28. Again, well said, Wendy. Thanks for the helpful insights.


  29. this is a very timely topic for us as well. I need to give some more thought to what was brought up here, so I don’t have anything to really add to the conversations at this point except my gratitude for starting it.

  30. Thanks Pete!

  31. rev rick gariepy

    Hi Jamie,

    I too remember reading this post a couple of months ago, while researching new monastic communities in Canada. And my question in the larger context was why are there so few intentional Christian communities, let alone nm examples in Canada–north of the US border? Maybe there’s something about our post-colonial mindset and new country secularism that is manifest here…But I like the volunteerism and church dialectic analogy too. There’s something as well about human nature captured by Jesus in the ‘harvest is ripe but the labourers are few’ paradigm as well…Hartgrove’s new book on the monastic sense of ‘stability’ is a welcome corrective for human nature in the modern individualistic materialistic quise of selfishness (sin) as it is enfleshed today…Thanks fo sharing the struggles…in Christ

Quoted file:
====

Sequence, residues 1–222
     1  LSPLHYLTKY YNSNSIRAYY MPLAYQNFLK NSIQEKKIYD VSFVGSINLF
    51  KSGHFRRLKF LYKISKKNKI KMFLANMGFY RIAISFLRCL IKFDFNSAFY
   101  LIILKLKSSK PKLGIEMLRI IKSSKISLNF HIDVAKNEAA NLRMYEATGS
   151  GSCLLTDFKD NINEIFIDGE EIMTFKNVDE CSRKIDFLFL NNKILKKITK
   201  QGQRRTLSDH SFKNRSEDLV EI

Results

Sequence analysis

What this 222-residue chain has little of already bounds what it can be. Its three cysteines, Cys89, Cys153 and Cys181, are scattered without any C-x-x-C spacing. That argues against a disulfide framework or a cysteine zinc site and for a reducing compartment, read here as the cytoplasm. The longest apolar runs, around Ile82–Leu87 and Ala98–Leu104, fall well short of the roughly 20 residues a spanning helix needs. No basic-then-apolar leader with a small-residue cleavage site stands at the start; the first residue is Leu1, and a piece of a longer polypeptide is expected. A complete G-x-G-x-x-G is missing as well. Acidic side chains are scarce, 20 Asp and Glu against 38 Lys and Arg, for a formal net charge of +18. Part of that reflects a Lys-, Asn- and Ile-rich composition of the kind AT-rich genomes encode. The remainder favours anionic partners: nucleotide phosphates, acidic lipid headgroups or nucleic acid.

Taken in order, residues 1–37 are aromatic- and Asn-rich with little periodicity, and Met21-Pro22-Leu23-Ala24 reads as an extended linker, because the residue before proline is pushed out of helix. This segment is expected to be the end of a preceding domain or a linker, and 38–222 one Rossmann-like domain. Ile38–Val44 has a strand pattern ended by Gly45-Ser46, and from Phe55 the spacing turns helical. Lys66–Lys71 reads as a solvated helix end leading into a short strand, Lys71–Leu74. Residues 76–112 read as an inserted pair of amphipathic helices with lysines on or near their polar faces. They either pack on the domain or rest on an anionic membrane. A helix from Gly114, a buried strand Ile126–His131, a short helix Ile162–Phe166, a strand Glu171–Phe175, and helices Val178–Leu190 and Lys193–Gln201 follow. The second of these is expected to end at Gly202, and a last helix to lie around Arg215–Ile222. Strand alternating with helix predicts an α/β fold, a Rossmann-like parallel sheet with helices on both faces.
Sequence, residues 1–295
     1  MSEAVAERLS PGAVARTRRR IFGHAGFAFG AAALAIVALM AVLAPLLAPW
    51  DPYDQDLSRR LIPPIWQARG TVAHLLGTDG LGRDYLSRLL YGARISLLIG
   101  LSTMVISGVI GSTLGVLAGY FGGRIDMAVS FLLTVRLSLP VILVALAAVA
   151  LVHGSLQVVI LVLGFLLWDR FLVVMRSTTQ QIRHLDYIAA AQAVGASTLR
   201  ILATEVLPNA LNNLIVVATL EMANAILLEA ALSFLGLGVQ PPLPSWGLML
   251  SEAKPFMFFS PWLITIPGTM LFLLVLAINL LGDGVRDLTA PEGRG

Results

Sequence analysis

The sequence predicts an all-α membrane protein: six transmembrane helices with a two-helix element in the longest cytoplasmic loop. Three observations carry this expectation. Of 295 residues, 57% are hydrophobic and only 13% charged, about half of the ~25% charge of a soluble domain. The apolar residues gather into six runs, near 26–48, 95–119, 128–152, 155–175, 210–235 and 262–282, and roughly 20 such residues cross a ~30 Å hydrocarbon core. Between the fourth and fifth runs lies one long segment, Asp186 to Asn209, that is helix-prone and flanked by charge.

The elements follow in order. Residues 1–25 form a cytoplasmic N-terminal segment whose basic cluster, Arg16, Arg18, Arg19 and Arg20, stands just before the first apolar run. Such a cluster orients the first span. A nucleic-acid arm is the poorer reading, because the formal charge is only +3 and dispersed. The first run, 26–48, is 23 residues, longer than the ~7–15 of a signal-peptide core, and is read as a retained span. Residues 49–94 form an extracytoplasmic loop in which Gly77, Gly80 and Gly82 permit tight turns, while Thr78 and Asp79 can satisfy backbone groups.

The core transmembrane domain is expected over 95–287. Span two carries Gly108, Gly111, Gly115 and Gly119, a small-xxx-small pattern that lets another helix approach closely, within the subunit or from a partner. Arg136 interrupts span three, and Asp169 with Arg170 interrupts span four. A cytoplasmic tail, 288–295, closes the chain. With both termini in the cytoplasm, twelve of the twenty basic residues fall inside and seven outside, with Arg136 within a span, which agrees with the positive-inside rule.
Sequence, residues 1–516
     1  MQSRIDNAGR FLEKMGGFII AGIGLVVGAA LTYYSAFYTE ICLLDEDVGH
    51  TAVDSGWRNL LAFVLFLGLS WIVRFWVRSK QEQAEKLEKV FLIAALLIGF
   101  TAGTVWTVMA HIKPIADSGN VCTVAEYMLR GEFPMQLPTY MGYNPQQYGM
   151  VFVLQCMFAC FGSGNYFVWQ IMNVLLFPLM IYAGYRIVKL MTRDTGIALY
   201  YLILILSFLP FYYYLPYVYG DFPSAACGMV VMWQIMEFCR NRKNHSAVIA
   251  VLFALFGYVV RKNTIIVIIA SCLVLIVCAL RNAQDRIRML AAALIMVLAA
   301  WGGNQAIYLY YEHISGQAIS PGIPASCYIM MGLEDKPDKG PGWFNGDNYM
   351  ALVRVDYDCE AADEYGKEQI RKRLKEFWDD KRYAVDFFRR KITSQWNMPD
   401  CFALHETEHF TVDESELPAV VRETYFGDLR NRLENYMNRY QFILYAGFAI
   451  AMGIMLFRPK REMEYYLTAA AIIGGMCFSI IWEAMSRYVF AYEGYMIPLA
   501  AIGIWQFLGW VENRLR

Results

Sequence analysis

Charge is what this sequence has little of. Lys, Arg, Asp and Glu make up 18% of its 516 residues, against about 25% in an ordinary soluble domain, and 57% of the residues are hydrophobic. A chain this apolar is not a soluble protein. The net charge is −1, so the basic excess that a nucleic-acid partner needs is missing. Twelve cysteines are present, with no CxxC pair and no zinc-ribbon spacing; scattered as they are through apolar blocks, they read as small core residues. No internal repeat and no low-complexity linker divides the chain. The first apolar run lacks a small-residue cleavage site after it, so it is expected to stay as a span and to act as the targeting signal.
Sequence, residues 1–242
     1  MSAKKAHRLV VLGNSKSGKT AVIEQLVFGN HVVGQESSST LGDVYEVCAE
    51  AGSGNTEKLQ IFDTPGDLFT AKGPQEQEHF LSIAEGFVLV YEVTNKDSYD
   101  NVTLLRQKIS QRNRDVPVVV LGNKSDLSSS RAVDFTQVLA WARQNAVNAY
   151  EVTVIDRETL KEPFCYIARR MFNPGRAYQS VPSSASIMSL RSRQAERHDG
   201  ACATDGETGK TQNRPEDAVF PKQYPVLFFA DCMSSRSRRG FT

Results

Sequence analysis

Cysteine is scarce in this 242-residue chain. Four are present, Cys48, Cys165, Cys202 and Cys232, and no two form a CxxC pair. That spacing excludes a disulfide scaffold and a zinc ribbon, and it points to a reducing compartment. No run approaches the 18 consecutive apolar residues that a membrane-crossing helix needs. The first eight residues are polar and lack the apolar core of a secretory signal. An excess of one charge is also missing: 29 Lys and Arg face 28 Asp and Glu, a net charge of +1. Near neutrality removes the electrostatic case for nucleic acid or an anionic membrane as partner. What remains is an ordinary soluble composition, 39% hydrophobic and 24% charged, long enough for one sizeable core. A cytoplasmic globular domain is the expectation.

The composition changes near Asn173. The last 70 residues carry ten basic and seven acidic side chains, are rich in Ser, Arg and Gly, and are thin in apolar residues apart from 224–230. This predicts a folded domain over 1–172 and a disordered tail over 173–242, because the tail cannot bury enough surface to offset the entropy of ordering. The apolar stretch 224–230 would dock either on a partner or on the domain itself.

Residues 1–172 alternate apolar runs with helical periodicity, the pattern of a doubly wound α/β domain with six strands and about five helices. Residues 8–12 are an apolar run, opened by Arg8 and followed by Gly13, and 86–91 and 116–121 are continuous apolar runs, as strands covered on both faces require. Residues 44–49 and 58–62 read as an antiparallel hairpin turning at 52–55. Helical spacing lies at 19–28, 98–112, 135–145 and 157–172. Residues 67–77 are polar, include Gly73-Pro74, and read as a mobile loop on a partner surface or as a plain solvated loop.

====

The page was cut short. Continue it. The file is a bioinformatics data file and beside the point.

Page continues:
32. Hey Rick,

    So true. “Missions” language has so long been attached to concepts of “go” that we fail to see the powerfully missional nature of stability. This does not negate “going”, but frames it differently within the wider missional perspective. Thanks!


  33. Simon F

    Coming a bit late to the party… but can I suggest that an understanding of discipleship that doesn’t speak of Christian growth alongside service is incomplete? The original Greek word for disciple (mathetes) means something like apprentice or student, and the Latin discuplus is in the same area.

    Discipleship is a full-on way of learning as the story of the first disciples demonstrates. Jesus mixes up a learning journey with missional activity for them. They serve as they learn, and learn as they serve.

    I’m looking for evidence that mission and learning discipleship can be one and the same thing. Any thoughts gratefully received.

    • Jamie

      I agree, Simon. That’s very much what I hoped this post would express. I believe that discipleship happens in the context of mission rather than something that happens before mission (though that can be a part of it). Learning as we live- head, hearts & hands together- is always best.